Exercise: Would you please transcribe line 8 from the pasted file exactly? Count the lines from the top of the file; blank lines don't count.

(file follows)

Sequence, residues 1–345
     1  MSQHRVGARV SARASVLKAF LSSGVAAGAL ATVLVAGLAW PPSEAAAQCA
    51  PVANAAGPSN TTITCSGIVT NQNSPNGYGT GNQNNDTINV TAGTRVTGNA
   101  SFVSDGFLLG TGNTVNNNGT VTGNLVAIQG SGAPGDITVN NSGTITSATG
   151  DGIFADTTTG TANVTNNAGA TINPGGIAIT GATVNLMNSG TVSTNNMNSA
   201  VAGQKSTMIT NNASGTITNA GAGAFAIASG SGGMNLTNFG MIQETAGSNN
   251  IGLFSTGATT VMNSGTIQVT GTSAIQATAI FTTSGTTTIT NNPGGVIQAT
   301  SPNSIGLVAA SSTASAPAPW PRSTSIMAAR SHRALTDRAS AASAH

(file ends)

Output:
   301  SPNSIGLVAA SSTASAPAPW PRSTSIMAAR SHRALTDRAS AASAH